Harvard Business School

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Harvard Business School

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Harvard Business School (HBS) is the graduate business school of Harvard University, a private research university in Boston, Massachusetts. It owns Harvard Business Publishing, which publishes business books, leadership articles, case studies, and Harvard Business Review, a monthly academic business magazine. It is also home to the Baker Library/Bloomberg Center, the school's primary library.

Article Title : Harvard Business School
Article Snippet :Harvard Business School (HBS) is the graduate business school of Harvard University, a private research university in Boston, Massachusetts. It owns Harvard
Article Title : Harvard Business Review
Article Snippet :not-for-profit, independent corporation that is an affiliate of Harvard Business School. HBR is published six times a year and is headquartered in Brighton
Article Title : Harvard Business Publishing
Article Snippet :Harvard Business Publishing (HBP) was founded in 1994 as a not-for-profit, independent corporation and an affiliate of Harvard Business School (distinct
Article Title : Harvard Extension School
Article Snippet :Harvard Extension School (HES) is the extension school of Harvard University, a private Ivy League research university in Cambridge, Massachusetts. Established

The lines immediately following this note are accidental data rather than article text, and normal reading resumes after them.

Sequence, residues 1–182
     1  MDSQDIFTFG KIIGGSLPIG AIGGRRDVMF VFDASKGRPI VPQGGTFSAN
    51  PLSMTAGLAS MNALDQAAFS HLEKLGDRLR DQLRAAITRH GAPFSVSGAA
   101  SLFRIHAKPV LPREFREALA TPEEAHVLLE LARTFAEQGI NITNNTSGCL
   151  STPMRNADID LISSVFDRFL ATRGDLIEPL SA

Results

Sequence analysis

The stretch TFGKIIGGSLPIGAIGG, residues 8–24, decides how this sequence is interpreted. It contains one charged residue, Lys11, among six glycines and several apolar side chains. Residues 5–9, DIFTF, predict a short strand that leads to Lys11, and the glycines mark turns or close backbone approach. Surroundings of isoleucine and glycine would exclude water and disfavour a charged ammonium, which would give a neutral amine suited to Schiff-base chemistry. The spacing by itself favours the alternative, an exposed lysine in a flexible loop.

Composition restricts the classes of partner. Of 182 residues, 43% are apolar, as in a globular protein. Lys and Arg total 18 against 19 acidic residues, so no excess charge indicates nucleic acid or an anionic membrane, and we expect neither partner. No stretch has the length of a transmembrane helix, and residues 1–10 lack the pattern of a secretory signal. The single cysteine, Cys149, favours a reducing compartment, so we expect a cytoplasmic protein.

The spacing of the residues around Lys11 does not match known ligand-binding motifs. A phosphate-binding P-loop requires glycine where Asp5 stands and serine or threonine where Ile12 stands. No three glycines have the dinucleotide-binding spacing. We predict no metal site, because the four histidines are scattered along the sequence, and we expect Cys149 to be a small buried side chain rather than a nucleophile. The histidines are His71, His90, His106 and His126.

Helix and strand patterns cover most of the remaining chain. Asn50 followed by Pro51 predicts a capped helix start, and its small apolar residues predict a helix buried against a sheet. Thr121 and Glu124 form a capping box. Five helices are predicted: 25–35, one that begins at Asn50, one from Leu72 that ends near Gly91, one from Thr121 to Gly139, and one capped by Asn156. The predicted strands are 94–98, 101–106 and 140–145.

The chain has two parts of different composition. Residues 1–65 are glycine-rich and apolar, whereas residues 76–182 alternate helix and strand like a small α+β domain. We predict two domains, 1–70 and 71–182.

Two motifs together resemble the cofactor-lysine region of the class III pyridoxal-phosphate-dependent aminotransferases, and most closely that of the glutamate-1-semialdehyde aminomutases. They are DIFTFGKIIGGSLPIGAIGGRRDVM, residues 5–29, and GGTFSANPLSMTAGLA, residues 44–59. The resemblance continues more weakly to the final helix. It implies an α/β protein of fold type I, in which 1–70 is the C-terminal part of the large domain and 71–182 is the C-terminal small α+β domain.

Article Title : Harvard John A. Paulson School of Engineering and Applied Sciences
Article Snippet :main campus in Cambridge and adjacent to the Harvard Business School and Harvard Innovation Labs. Harvard's efforts to provide formal education in advanced
Article Title : Harvard Business School RFC
Article Snippet :The Harvard Business School RFC is a rugby union team based at Harvard Business School in Boston, Massachusetts. The club formerly competed in the New
Article Title : Harvard Graduate School of Education
Article Snippet :The Harvard Graduate School of Education (HGSE) is the education school of Harvard University, a private research university in Cambridge, Massachusetts
Article Title : List of Ivy League business schools
Article Snippet :Tuck School at Dartmouth was founded as the world's first graduate school of business; and in 1921, Harvard Business School became the first business school
Article Title : Business school
Article Snippet :the first School of Management of its kind[clarification needed] in Canada.[citation needed] 1908 – Harvard Business School founded at Harvard University
Article Title : Harvard Kennedy School
Article Snippet :Harvard Kennedy School (HKS), officially the John F. Kennedy School of Government, is the school of public policy and government of Harvard University

Harvard Business School (HBS) is the graduate business school of Harvard University in Boston, Massachusetts, United States. The school offers a large full-time MBA program, doctoral programs, HBX and many executive education programs. It owns Harvard Business School Publishing, which publishes business books, leadership articles, online management tools for corporate learning, case studies, and the monthly Harvard Business Review. Harvard's MBA program is ranked #1 in the world by Bloomberg, #1 by the Financial Times, #1 by BusinessInsider and #2 by US News and World Report and Forbes Magazine.